The Hershey Theatre, conceived in 1933 by noted philanthropist and chocolatier Milton S. Hershey, stands as an opulent tribute to the performing arts. Taking architectural cues from Saint Mark’s Basilica in Venice, the foyer’s towering arches gleam with golden paint and crystal chandeliers. The blue-and-gold mosaic that leads to the main seating area is the masterwork of two German artists who spent two years on its construction. Once inside the theater, audiences might think they’ve stepped onto the streets of Venice thanks to the atmospheric ceiling, stonework facades, and gondoliers paddling them to their seats. ####Bethel Woods Center for the Arts Music has permeated the 800 manicured acres where the Bethel Woods Center for the Arts has stood since 1969, when farmer Max Yasgur agreed to let love, peace, and harmony grow wild at the very first Woodstock festival. These days, the renowned outdoor venue and cultural center continues to attract the biggest acts in music to its pavilion stage. The open-air design ensures ample ventilation on the natural sloping lawn, and a roof protects up to 15,000 fans from inclement weather and the prying eyes of Cessna pilots.
Under the sprawling roof of First Niagara Pavilion, music greats such as Billy Joel, Rush, and Jimmy Buffett have all taken over the stage as fans throughout the amphitheater space watch, transfixed. Whether enjoying the show from the open-air pavilion or the verdant lawn, concertgoers demonstrate their love for the performers by dancing along to the music or holding up lighters engraved with the lead singer’s astrological sign.
One of many vaudeville and movie palaces that sprung up in the 1920s, the Warner Theatre today drops jaws in much the same way it did in its infancy: with glittering chandeliers, gilded ceilings, and red-felt seats. Yet before transforming into its modern incarnation, it served as a film-only venue with such luxuries as a rooftop garden and a ballroom in the basement. The Warner even had a dance troupe akin to the Rockettes?called the Roxyettes?who would high-kick before and after the screen lit up.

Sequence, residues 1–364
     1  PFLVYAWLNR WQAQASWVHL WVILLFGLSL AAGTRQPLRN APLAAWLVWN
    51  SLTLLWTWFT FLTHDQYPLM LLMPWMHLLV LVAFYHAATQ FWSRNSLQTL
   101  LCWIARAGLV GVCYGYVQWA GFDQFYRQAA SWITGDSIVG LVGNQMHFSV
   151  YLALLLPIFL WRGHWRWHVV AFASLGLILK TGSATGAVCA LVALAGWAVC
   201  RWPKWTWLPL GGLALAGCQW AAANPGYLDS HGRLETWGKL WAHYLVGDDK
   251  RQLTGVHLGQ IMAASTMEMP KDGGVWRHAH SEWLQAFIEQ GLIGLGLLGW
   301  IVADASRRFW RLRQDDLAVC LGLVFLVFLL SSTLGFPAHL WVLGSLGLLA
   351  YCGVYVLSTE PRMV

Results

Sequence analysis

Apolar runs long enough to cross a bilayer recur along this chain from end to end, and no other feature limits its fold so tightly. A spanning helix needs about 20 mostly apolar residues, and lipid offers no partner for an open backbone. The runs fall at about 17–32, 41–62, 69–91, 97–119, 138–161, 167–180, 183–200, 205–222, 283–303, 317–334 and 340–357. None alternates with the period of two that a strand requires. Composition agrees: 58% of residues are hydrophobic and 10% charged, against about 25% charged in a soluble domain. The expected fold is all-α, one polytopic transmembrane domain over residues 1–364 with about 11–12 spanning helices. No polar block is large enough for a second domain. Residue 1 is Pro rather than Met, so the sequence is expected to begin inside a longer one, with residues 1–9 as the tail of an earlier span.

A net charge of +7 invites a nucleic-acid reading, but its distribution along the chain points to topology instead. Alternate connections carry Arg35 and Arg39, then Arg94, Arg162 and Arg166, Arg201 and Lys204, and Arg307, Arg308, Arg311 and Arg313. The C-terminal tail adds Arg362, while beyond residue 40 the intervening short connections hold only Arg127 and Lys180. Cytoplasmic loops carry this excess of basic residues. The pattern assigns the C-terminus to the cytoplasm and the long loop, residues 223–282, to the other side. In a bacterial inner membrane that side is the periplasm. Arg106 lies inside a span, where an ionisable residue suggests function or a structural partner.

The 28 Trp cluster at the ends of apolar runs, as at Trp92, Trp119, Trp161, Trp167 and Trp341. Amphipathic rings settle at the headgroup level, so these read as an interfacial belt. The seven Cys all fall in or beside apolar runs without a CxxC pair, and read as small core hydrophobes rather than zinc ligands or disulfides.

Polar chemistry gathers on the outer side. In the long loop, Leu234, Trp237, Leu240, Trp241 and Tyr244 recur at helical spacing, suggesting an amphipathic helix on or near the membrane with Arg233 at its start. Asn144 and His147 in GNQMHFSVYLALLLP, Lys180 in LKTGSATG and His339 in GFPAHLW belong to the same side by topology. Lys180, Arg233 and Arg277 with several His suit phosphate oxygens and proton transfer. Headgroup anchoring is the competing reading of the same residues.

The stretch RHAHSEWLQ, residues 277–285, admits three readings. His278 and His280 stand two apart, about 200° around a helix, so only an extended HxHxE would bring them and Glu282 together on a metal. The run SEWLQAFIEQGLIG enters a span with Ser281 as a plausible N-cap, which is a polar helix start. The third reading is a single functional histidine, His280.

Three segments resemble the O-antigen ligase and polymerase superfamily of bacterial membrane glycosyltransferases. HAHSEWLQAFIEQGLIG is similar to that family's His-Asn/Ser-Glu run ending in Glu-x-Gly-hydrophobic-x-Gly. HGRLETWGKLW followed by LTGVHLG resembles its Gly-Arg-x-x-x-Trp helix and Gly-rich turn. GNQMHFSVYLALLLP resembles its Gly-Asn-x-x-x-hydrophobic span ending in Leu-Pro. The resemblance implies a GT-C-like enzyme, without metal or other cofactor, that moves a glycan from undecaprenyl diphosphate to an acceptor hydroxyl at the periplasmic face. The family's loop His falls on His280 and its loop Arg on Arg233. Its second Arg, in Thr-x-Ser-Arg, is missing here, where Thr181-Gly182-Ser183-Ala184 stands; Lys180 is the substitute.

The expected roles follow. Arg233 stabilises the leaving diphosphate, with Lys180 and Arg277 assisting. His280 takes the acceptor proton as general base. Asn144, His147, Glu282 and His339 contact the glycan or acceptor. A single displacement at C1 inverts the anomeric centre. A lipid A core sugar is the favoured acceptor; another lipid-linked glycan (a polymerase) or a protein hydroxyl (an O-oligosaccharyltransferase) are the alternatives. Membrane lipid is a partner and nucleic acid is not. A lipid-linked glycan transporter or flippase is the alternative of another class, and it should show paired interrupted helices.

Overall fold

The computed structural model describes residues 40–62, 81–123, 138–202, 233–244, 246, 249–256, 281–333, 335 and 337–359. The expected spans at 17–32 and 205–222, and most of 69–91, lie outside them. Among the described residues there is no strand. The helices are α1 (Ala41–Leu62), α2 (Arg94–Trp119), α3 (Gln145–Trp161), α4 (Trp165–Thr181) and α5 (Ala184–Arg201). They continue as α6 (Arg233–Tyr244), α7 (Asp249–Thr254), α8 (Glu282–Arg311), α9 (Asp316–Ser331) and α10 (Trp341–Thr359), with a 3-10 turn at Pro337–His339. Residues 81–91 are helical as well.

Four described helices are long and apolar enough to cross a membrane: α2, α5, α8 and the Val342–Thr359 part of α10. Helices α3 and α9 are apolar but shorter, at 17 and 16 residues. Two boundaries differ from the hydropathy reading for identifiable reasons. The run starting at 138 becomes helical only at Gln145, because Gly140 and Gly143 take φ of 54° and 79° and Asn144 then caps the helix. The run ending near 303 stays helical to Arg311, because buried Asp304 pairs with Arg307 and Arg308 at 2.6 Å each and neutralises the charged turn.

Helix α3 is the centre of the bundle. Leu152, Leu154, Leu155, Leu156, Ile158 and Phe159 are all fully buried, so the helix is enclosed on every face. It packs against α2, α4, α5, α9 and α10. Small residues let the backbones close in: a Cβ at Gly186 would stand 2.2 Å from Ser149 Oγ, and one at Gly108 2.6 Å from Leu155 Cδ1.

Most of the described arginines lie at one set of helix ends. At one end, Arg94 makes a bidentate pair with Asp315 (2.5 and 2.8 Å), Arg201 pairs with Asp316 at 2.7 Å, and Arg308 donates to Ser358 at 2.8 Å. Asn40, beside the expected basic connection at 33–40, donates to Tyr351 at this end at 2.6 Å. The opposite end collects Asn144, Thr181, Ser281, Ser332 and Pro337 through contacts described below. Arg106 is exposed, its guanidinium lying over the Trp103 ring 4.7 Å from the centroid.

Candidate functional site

After falling into disarray in the '70s, the Warner became a concert venue, saving it from the wrecking ball but forcing it to require a complete renovation in 1989 to remove years of grime and stray musical notes lodged between seat cushions. At the reopening gala, a host of stars performed, including Frank Sinatra in what would prove to be his last DC show.
The Silk Screen Asian-American Film Festival, part of a larger vision for a future Asia Center of Pittsburgh, is an annual event highlighting the considerable cinematic output of filmmakers from India, Japan, China, Taiwan, Indonesia, Korea, Thailand, the Philippines, and Iran, as well as other nations you might one day inhabit according to childhood sessions of "Spin the Globe." This year's event—the fifth annual—features a slate of films to rival past years' entries. This year's flicks include such noteworthy efforts as The Harimaya Bridge, Cooking with Stella, and The Taqwacores, among many others. Your pass gives you access to eight of the festival's films, giving you the chance to give a total of 24 thumbs up.
Disney's Daytime Emmy Award–winning Imagination Movers will perform their In a Big Warehouse concert in the grand interior of the Lisner Auditorium, playing their most popular songs and bringing the magic of their eponymous TV series to life. The popular New Orleans–based rock band bridges all generation gaps with fun and educational songs chock-full of memorable melodies and bounding rhythms that adults love as much as kids, fueling long van drives and kindergarten karaoke. With an extravagant set and ecstatic energy, the Imagination Movers give a performance that gets audiences dancing, clapping, and singing along, with guest appearances from Playhouse Disney favorites Choo Choo Soul, Nina, and Warehouse Mouse.
Kenneth Donald Rogers—an American country-music star, photographer, producer, actor, and fellow with a nice beard—has won three Grammys and more than a dozen American Music Awards for his sweet, stirring crooning. Though he won't be toting his dozens of awards, Mr. Rogers will be bringing an impressive showcase of selections from his extensive collection of country hits. To prep the crowd for the main event, The Herndon Brothers—a local act lead by Ray Herndon, a country star known for livin' the dream—will layer the crowd in hometown vibes from their wide library of inspiring and honest tracks.